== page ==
Stiff Joints in a Horse

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The old saying "no hoof, no horse" can apply to the joints as well.
The old saying "no hoof, no horse" can apply to the joints as well. (Image: horse legs image by Vita Vanaga from Fotolia.com)

The legs of a horse are its foundation. All the weight, force and movement of the animal depend on four strong legs. If you take support away from one leg, the other three have to take up the additional pressure, leading to complications. Stiff joints can be caused by a variety of issues, and knowledge is key to treatment.

Significance

The significance of stiff joints is manifold. All the pressure and weight of the horse's body is directed into the joints and feet, which must be healthy for proper movement. When a joint, such as the knee, hock or fetlock, is stiffened with pain or swelling, the horse can become lame and even crippled. Finding the source of the problem is imperative, and fixing it to the best of your ability is essential for a happy, healthy horse.

Types

The most common cause of joint stiffness is arthritis. Just as in humans, overuse will cause damage in the joints, leading to arthritis. According to the Merck Veterinary Manual, while shoulder stiffness does happen, the majority of stiff joints occur from the elbow or hock down to the hoof. Swelling, cartilage and bone degeneration and bone spurs all can lead to ongoing arthritis problems. Injury can also cause stiffness. A misstep, or trauma, can cause swelling and stiffness in the joints. The main cause of the actual stiffness is swelling as the inflammation keeps the joint from moving smoothly.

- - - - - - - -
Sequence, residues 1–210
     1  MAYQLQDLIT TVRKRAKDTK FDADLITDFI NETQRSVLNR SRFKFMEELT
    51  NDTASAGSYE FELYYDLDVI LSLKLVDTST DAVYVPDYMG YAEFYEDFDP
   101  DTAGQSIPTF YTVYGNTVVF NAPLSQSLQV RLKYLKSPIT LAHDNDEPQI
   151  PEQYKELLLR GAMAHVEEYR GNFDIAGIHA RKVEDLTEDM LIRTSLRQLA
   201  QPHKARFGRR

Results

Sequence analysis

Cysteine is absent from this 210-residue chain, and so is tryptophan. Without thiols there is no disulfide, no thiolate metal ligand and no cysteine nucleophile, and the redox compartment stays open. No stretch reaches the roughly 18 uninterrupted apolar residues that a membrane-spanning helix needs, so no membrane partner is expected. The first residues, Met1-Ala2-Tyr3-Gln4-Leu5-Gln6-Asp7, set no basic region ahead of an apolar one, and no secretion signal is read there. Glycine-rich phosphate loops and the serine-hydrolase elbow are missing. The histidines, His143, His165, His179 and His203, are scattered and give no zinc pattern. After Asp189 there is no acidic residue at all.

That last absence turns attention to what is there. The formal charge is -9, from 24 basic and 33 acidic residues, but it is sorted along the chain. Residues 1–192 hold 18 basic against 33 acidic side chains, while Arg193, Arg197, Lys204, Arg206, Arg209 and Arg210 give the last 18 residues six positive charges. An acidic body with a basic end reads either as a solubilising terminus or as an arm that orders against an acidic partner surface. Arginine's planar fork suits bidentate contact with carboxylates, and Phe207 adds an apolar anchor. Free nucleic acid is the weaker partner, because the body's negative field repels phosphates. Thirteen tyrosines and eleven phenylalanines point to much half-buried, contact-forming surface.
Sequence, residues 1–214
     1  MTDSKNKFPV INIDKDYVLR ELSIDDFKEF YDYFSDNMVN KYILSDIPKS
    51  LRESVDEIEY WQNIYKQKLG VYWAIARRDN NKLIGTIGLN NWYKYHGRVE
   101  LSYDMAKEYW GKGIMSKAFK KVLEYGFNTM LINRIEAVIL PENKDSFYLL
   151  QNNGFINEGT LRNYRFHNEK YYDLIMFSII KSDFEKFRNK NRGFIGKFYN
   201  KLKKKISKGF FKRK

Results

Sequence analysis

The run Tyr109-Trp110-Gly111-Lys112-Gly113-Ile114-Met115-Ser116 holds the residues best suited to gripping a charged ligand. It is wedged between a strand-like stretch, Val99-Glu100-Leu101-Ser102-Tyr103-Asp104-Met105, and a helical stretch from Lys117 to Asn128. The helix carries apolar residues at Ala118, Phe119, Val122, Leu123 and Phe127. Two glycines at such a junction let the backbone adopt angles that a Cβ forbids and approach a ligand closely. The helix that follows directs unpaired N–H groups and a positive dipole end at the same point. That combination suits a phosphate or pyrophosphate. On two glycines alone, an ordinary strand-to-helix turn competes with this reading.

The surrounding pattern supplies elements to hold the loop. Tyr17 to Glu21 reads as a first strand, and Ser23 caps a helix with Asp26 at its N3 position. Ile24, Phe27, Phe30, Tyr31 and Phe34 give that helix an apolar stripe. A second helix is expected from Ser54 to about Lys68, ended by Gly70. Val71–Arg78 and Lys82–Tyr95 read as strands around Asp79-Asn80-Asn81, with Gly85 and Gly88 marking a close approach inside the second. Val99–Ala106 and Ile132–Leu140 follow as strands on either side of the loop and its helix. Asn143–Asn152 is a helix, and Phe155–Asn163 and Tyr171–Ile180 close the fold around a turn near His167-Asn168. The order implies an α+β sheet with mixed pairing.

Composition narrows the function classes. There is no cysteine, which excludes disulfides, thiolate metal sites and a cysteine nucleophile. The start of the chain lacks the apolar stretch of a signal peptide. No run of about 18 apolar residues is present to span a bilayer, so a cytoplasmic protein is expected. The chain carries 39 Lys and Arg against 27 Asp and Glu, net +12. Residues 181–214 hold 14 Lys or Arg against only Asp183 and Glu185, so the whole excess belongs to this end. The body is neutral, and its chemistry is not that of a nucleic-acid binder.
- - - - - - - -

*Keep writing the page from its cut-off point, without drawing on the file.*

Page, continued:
Time Frame

Stiff joints can be temporary from an injury that can and will heal, or they can be permanent from arthritis and other conditions that can be treated but never cured. In overuse injuries, rest and other treatment often can solve the problem and the horse can be returned to normal activity. In the case of permanent damage such as arthritis or bone spurs, long-term treatment is the only option. According to Texas-based veterinarian Dr. Robert Judd, up to 60 percent of lameness issues are caused by arthritis so owners should be prepared for the possibility of lifelong care.

Treatment

According to the Merck Veterinary Manual, for short-term injuries anti-inflammatory medication, hydrotherapy, icing and bracing and rest often will do the trick, along with time and physical therapy. A veterinarian can advise on when the injury is healed and the horse can be returned to normal work. In long-term cases, where the damage cannot be cured, a steady dose of anti-inflammatories, daily hydrotherapy, icing, bracing, rest when soreness is worst and ongoing physical therapy and gentle exercise will keep the horse at its best.

Considerations

Be realistic when looking at stiff joints in the horse. If you intend to use the animal for gentle pleasure riding or just to enjoy, stiffness and some lameness are not really issues and can be treated with a relatively high degree of success for light riding. But when considering an animal for high-impact us, including racing, competing, jumping, or other heavy performance, a horse of any age with stiff joints is not a good choice.

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